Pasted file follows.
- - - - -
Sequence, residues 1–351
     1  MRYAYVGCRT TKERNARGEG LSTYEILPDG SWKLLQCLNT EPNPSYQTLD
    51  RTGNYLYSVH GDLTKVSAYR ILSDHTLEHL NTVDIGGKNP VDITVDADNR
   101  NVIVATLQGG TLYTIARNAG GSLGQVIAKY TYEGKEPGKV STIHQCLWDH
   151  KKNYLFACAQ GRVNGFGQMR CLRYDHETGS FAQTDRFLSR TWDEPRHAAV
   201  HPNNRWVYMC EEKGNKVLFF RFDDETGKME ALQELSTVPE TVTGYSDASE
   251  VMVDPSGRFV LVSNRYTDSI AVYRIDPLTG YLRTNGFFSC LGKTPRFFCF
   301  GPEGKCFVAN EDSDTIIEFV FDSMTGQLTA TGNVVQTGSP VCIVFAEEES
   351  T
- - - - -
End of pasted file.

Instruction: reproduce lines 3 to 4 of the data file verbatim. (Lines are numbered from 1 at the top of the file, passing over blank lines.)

    51  RTGNYLYSVH GDLTKVSAYR ILSDHTLEHL NTVDIGGKNP VDITVDADNR
   101  NVIVATLQGG TLYTIARNAG GSLGQVIAKY TYEGKEPGKV STIHQCLWDH